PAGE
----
Ruin and Rising
Henry Holt & Co
The capital has fallen.
The Darkling rules Ravka from his shadow throne.
Now the nation's fate rests with a broken Sun Summoner, a disgraced tracker, and the shattered remnants of a once-great magical army.
Deep in an ancient network of tunnels and caverns, a weakened Alina must submit to the dubious protection of the Apparat and the zealots who worship her as a Saint. Yet her plans lie elsewhere, with the hunt for the elusive firebird and the hope that an outlaw prince still survives.
Alina will have to forge new alliances and put aside old rivalries as she and Mal race to find the last of Morozova's amplifiers. But as she begins to unravel the Darkling's secrets, she reveals a past that will forever alter her understanding of the bond they share and the power she wields. The firebird is the one thing that stands between Ravka and destruction—and claiming it could cost Alina the very future she’s fighting for
Before I begin to rant about this book, can I complain how I loathe the new user interface of Goodreads. I know that modern layout tends to be more obtuse and rounded, but this whole new layout is so cluttered and atrocious. It==I quoted what my boss said word by word--dun make sense at all.
Anyway, I think this will be my last book that I read this year, as all my books left unread are Dune--I cringe when I click the insert book/author feature, it's so fucking messy--and Inkworld series--which I'm not sure I'm able to finish one of them in remaining days of this year.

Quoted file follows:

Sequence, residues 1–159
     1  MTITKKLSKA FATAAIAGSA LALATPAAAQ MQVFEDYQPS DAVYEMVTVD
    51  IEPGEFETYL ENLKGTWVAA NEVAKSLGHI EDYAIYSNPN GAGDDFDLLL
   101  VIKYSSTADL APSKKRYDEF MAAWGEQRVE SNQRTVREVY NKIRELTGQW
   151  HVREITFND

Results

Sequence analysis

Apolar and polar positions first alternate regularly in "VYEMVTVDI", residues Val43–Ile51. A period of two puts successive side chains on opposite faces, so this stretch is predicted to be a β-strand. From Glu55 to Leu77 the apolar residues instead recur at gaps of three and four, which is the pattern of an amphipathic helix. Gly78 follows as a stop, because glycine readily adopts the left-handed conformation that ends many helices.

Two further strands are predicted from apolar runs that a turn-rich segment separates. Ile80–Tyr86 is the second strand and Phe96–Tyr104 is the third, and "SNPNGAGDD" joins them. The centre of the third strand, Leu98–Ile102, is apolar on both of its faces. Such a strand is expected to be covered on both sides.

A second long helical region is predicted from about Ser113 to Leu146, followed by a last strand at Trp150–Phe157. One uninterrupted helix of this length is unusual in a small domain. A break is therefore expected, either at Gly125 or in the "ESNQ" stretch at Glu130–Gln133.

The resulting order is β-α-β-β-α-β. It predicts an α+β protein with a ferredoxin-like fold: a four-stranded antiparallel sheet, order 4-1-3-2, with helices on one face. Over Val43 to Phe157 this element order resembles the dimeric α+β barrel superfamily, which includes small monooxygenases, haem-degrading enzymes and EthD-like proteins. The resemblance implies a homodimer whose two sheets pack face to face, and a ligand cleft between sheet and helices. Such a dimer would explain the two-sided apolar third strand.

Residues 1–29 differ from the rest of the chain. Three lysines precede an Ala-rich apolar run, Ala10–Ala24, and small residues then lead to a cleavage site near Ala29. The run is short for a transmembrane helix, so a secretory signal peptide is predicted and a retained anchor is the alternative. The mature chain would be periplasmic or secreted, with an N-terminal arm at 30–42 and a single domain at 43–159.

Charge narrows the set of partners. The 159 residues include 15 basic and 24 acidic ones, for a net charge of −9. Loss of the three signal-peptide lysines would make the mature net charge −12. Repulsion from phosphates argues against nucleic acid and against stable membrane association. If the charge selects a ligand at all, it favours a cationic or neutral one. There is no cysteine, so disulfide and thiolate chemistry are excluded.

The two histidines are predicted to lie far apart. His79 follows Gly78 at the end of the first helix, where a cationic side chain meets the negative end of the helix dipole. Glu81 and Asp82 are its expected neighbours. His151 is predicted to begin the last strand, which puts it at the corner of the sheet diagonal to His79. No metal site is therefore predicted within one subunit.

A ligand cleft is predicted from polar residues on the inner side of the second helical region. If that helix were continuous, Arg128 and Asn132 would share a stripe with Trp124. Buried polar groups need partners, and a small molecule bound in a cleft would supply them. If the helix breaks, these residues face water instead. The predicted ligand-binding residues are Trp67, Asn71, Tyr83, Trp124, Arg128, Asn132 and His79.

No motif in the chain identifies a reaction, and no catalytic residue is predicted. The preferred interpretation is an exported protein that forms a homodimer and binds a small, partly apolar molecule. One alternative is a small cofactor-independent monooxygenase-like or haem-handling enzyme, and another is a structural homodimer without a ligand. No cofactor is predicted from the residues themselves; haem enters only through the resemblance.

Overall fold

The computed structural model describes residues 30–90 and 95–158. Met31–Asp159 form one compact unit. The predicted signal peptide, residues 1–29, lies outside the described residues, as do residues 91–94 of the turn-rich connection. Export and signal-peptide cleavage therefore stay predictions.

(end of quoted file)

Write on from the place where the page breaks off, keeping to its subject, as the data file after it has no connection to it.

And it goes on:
But, yeah whatever. Let's talk about the ending of the original trilogy of The Grisha series--as we have more Grisha in Six of Crows. As I have uttered over and over, The Grisha has so much potential in Shadow and Bone. The Russian-insinuated high fantasy (even though Bardugo messes the Russian surname--according to some knowledgeable people--but I won't complain since it is high fantasy anyone so why we should follow the real Russian world anyone???), great characters with great sense of humor, an intriguing premise. The Grisha has all basic recipe to be a great trilogy after all.
But, Bardugo mistakenly mixes the wrong ingredients. It all begins in the second book, while I begin to sense that the magic has lost. It starts to feel boring and all the excitement that I had when I read the first book all magically vanished.
Bardugo tries to fix it on the third book which I really appreciate it. The only problem is that the the first half of the book particularly can be omitted. It feels like Bardugo wants to stretch this book till the climax where a twist is introduced which is really nice actually. When a final battle occurs, the quality of book begins to dwindle again. But, when it comes to the ending, she gives us such a sweet ending that it warms my cold heart.
Ruin and Rising is really unstable for me. It's like a roller-coaster. The journey to the top has been tiring and exhausting and uninspiring, but when the roller-coaster starts to go down, it's an exhilarating and enjoyable ride. It's an okay ending for a trilogy that has so much potential.